Discussing and educating others on violence against women or receiving disclosures can lead to distressing and unsettling thoughts and feelings for some people.
Self-care is an effective way to manage and prevent stress and trauma escalating. Stress and trauma affects how you see yourself, others and the world. Your self-care strategies need to intersect across a variety of areas in your life.
Things you can do as an individual
Reflect on what’s going well and positive about the work.
Engage in relaxation, mindfulness and soothing activities such as going for a massage, walking or swimming.
Look after your physical and mental well-being. Keep up your nutrition, sleep, relaxation and creative expression. Think of using humour, reading, or journal writing, for example.
Spend time with friends and family.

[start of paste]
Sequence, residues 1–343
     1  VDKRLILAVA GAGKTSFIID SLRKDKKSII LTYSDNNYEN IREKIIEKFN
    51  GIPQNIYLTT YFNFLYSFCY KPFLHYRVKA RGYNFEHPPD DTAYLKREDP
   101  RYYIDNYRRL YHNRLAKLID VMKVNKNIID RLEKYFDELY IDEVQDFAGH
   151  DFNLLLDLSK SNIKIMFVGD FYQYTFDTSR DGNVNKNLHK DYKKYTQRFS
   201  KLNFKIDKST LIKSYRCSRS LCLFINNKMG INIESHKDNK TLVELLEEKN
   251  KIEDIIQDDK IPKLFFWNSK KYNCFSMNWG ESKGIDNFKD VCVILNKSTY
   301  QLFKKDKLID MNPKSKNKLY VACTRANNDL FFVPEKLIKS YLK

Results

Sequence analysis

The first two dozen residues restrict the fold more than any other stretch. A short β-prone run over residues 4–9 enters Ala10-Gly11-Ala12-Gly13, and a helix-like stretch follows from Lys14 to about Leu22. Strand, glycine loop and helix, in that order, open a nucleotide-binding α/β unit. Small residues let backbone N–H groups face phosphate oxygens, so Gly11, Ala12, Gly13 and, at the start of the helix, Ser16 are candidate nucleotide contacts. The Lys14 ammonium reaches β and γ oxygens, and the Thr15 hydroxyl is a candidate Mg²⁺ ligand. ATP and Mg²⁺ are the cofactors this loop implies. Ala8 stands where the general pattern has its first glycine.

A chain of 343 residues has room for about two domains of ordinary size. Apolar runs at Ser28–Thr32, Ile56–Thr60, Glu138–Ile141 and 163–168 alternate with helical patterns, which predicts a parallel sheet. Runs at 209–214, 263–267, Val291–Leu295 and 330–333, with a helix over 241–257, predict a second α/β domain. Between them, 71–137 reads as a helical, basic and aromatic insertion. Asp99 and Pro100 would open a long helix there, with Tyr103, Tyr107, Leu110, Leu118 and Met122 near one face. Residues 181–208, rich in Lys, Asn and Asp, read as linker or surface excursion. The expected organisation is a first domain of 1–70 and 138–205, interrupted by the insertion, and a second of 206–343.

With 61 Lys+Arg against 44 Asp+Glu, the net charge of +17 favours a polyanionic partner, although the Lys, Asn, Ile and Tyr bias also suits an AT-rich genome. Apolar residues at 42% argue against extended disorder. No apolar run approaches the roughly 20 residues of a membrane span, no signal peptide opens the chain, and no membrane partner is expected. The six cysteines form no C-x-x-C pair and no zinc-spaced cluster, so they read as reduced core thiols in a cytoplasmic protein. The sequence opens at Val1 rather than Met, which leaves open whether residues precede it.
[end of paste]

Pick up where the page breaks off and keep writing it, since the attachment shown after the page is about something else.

Develop an outlet for emotional processing outside of your work such as exercise, writing, building, gardening, family, socialising, singing, dancing.
Engage in activities that are positive and that have concrete outcomes or products that foster a sense of accomplishment.
Take time out when you need it.
Get support from others
Assess your network of supportive people at work and outside of work. Draw a map of support people. Who can provide emotional, informational and material support?
Ask for support and reciprocate and offer support to others. But don’t overdo it.
Use a buddy system at work, especially if you are new to this work.
Debrief with trusted colleagues in a safe and supportive environment.
Get support from workplace and community.
Access your Employee Assistance Program if you have one.